Justice Alito Flouts Ethical Standards

Oops, They’re Doing It Again: Another Supreme Court Justice Flouts Ethical Standards

Alito Speaks at Federalist Society Fundraiser, Following in Ethically-Challenged Footsteps of Scalia and Thomas

WASHINGTON, D.C., Nov. 16 – For the second year in a row, a justice of the Supreme Court has flouted judicial ethics by headlining a fundraising gala for a lawyers group, the Alliance for Justice and Common Cause said Friday.

Justice Samuel Alito was a featured speaker at the “30thAnniversary Gala Dinner” of the Federalist Society on Thursday night. Alito’s appearance was the drawing card for the $175-dollar-a-plate event, the society’s website indicates.

Were Justice Alito sitting on any lower federal court, his appearance would violate Canon 4C of the Code of Conduct for federal judges. That canon explicitly bans federal judges from being featured speakers and guests of honor at fundraising events. The code does not formally apply to the Supreme Court however.

Last year, Justices Clarence Thomas and Antonin Scalia spoke at the same Federalist Society fundraising event. The annual dinners attract a crowd of more than 1,200 lobbyists, judges and lawyers, including some with high-profile cases before the court. Attendees at Thursday’s dinner, for example, included at least three lawyers involved in cases challenging the constitutionality of the federal Voting Rights Act. Their Washington-based firm, Wiley Rein LLP, was a “silver” sponsor.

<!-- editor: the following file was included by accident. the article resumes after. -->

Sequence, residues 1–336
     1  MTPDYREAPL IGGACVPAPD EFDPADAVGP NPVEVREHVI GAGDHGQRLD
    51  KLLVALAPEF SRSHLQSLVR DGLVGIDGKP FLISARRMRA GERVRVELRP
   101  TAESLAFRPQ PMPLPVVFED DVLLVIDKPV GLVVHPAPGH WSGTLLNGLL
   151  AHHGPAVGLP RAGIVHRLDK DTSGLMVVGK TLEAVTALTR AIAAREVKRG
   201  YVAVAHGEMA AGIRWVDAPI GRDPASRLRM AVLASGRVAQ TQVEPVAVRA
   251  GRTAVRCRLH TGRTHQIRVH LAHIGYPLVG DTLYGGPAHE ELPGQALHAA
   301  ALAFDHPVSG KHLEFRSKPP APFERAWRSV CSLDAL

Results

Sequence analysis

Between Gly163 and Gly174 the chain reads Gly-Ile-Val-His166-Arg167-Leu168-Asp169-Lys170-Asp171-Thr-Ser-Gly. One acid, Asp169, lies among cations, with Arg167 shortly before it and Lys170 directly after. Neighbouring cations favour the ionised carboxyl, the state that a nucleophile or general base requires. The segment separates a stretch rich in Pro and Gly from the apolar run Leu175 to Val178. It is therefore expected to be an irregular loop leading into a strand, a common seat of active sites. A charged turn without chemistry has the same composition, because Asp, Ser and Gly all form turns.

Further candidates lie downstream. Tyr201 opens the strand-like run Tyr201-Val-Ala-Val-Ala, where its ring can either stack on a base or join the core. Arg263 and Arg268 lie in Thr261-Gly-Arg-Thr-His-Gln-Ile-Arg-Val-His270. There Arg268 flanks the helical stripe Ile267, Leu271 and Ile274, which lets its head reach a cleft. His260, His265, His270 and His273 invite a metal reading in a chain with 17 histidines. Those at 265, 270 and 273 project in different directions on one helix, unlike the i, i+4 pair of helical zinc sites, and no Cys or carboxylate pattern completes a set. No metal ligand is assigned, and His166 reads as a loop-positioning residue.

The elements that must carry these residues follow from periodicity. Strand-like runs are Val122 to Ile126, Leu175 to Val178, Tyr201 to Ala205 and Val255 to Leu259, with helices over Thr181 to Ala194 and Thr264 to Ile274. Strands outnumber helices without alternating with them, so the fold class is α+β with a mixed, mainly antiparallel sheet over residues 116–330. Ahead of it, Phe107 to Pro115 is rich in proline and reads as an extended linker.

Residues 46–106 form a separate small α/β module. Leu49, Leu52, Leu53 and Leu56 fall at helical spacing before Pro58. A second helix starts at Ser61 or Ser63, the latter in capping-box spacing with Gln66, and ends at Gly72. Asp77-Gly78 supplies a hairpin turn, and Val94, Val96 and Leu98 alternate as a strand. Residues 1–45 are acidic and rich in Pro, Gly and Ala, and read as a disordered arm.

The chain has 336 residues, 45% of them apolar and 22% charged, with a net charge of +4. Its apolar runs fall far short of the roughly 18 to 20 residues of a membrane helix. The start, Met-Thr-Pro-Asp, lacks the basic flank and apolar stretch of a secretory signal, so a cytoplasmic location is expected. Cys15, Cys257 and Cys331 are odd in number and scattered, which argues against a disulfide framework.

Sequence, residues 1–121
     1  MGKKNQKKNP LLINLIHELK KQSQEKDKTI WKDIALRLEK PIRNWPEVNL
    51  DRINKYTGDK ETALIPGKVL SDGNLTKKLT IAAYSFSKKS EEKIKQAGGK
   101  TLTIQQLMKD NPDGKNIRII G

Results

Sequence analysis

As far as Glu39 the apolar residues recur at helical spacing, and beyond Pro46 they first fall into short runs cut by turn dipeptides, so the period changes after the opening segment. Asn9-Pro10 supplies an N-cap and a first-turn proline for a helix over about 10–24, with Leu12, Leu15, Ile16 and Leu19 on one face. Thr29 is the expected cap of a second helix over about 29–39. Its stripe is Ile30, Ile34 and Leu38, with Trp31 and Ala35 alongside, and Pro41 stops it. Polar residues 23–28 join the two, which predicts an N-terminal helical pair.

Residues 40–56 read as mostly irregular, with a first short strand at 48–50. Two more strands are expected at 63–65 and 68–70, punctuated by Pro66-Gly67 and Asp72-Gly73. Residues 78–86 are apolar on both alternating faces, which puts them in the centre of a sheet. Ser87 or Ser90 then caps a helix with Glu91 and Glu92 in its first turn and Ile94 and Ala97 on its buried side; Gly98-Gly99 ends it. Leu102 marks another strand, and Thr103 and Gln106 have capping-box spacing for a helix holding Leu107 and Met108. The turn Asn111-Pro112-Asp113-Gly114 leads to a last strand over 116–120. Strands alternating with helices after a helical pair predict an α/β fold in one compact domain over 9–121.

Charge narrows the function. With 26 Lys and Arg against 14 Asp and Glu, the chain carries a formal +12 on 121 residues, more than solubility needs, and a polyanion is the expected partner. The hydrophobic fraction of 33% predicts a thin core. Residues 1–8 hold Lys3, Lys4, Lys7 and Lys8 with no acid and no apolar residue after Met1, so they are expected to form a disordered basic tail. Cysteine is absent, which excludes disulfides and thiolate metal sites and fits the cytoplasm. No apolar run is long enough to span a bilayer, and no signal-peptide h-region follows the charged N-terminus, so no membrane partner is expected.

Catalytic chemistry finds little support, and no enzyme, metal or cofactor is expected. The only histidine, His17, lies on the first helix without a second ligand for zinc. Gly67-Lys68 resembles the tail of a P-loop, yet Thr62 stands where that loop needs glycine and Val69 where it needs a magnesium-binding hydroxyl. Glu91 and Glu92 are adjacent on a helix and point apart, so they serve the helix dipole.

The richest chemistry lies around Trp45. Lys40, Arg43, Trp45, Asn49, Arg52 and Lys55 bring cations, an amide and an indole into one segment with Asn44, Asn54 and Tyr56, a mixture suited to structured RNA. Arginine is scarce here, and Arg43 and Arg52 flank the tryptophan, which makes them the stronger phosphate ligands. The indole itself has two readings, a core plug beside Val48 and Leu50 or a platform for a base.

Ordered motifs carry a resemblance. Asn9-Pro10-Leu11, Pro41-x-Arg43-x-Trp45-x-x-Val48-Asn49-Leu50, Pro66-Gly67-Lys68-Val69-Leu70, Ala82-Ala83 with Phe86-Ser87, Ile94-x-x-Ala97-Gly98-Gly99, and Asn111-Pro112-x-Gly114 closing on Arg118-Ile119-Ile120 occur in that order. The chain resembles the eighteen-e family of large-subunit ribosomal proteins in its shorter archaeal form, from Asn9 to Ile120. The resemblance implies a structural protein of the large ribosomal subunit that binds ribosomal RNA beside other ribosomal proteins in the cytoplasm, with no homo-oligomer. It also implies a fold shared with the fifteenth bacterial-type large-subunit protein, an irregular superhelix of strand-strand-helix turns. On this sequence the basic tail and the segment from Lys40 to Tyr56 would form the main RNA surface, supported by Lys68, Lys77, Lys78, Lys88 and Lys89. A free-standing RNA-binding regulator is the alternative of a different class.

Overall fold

Justice Alito has become a regular at such functions, having previously spoken at fundraising events for the American Spectator magazine and the Intercollegiate Studies Institute. The Institute describes itself as working for “limited government, individual liberty, personal responsibility, the rule of law, market economy and moral norms.”

Alliance for Justice President Nan Aron noted that a 2012 Hart Research Associates poll conducted for AFJ found that only 41% of Americans approve of the job the Supreme Court is doing. “If the public begins to believe that the justices are just politicians in robes, their credibility will further erode.

“In his 2011 Annual Report, Chief Justice John Roberts claimed that ‘All members of the Court do in fact consult the Code of Conduct in assessing their ethical obligations,'” Aron said. “But it is clear that they are free to routinely ignore that guidance. That’s why guidance is not enough. Either the justices should formally agree to abide by the Code or Congress should require it.”

“The words ‘Equal Justice Under Law,’ are carved into the marble above the entrance to the Supreme Court,” said Common Cause President Bob Edgar, “but it’s clear that when it comes to judicial ethics, some members of the court consider themselves better than equal to the rest of the federal judiciary. Their refusal to embrace and abide by the Code of Conduct is disturbing.”

Edgar and Aron emphasized that addressing an organization like the Federalist Society is not, in itself, a breach of ethics. The ethical line is crossed when the justice’s appearance is used to raise money for the organization.

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